European Council President Charles Michel, left, and European Commission President Ursula von der Leyen address a media conference at the conclusion of an EU summit at the Brdo Congress Center in Kranj, Slovenia, Wednesday, Oct. 6, 2021. European Union leaders gathered Wednesday to reassure six countries in the Balkans region that they could join the trading bloc one day if they can meet its standards but are unlikely to give any signal even about when they might advance in their quests. AP
Brussels is keen to show it remains the best hope for its neighbours in the face of growing worries that frustration with years of waiting could push some candidate countries closer to Russia and China.
But there were no breakthroughs at the meeting with the leaders of Albania, Bosnia, Serbia, Montenegro, North Macedonia and Kosovo on the tortuous path towards membership.
The 27-nation club instead talked up economic support worth billions of euros for its eastern neighbours at a rain-drenched summit at Brdo castle in Slovenia, which currently holds the EU's rotating presidency.
"The Western Balkans is part of the same Europe as the European Union. We share the same history. We share the same interests, the same value values and I'm deeply convinced, also the same destiny," European Commission chief Ursula von der Leyen said.
"The European Union is not complete without the Western Balkans."
- 'Geostrategic interest' -
The EU's push for enlargement -- once a key policy for the bloc -- has ground to a halt in recent years. Some richer members fear sparking a new wave of migration and some applicants are struggling with the required reforms, especially on democratic norms.
A final declaration from the summit said after much haggling that the bloc "reconfirms its commitment to the enlargement process".
But it also said that the EU had to first "deepen its own development, ensuring its capacity to integrate new members".
That came after members states rejected a demand by host Slovenia to commit to absorbing the aspirants from the Western Balkans by 2030.
German Chancellor Angela Merkel said that she was opposed to setting a deadline for the membership process that "puts us under pressure in the end".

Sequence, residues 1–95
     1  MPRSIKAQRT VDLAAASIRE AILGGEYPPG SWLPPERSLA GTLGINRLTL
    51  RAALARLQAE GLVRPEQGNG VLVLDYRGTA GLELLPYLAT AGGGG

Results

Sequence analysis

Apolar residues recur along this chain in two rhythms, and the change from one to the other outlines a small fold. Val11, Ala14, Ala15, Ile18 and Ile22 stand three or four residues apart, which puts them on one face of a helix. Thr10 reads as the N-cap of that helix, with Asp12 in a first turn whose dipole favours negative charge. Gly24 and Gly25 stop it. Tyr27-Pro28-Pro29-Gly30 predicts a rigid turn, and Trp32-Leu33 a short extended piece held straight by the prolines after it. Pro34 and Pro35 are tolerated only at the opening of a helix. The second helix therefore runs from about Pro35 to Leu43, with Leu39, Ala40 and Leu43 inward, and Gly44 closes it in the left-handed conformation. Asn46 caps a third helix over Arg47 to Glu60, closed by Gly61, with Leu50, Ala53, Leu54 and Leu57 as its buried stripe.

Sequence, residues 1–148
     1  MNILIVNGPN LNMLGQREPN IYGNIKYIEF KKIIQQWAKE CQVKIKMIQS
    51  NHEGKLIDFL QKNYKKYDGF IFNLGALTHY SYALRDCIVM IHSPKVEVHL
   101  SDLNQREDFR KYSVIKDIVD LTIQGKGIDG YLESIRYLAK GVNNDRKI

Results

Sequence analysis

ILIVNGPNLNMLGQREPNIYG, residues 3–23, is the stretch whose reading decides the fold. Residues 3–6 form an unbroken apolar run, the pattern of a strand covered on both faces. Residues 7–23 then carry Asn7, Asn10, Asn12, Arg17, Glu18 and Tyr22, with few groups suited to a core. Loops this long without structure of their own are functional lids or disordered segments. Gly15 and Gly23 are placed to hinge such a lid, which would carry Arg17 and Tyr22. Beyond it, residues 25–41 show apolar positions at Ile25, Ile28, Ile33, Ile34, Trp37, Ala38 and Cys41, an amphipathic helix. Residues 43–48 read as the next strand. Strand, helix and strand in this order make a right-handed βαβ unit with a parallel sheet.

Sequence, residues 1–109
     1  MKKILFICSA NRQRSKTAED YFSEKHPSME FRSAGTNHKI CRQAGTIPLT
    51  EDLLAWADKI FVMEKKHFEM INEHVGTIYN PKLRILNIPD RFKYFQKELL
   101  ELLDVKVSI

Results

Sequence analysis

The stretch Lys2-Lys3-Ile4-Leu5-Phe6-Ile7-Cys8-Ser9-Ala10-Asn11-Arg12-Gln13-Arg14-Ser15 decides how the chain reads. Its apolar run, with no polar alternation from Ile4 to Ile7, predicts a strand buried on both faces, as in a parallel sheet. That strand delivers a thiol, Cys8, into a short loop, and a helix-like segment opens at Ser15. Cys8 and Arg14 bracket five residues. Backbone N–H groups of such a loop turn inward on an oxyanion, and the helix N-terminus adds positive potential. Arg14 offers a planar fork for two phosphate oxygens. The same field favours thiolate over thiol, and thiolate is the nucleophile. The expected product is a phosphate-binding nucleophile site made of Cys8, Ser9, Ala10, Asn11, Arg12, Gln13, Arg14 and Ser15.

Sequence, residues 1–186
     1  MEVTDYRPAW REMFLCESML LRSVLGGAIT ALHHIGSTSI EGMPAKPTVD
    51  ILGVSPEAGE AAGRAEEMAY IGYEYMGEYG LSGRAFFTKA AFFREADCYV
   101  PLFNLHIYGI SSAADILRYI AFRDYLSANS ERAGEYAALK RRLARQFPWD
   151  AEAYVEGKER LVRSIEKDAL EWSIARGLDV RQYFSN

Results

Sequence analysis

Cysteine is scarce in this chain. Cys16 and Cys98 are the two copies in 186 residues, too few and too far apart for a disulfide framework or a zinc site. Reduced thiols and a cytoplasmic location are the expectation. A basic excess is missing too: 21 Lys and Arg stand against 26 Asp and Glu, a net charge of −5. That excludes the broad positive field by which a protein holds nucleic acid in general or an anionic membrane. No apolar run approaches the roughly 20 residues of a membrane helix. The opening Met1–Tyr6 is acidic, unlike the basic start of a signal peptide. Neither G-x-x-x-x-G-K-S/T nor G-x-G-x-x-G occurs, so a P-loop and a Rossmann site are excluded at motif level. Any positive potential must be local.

But she still insisted the EU had an "immense geostrategic interest" in letting the Western Balkans in eventually.
This reflected the EU's increasing concern over inroads being made by Moscow and Beijing, which have sent millions of coronavirus vaccines to the region.
Moscow has deep cultural ties with fellow Orthodox nations while Beijing has extended major loans in the region, including a controversial $1 billion for a road, which Montenegro is struggling to pay off.
The EU in response touted an "unprecedented" 30 billion euros ($35 billion) economic investment package for the region.
Officials also promised "tangible" improvements for people in the Balkans, such as bolstering vaccine rates to match EU levels this year and ending phone roaming charges.
This may be cold comfort to the candidate countries who are still smarting after France, Denmark and the Netherlands initially held up accession talks with Albania and North Macedonia in 2019.
Bulgaria has since become the main obstacle to progress, refusing to let North Macedonia start the process because of a dispute over history and language.
The leaders of the two countries met together with counterparts from France and Germany, but no progress was made ahead of elections in Bulgaria next month.
- 'No illusions' -
"I have no illusions about a quick accession to the EU," said Serbian President Aleksandar Vucic, whose country applied for EU membership in 2009.
"The political needs of the EU are such that Balkan enlargement is neither a dominant nor a popular issue."
Brussels scored a minor diplomatic victory in the run-up to the summit by mediating a deal to ease a flare-up in tensions between Serbia and Kosovo.
The former foes were at loggerheads after Kosovo banned cars with Serbian registration plates from entering its territory.
Kosovo proclaimed independence from Serbia in 2008 a decade after a war between independence-seeking ethnic Albanian guerrillas and Serbian forces.
Roughly 100 countries, including all but five EU members, recognised the move, but not Serbia or its allies China and Russia.
EU-brokered dialogue between the two Balkans neighbours, launched a decade ago, has failed to achieve normalisation of their ties.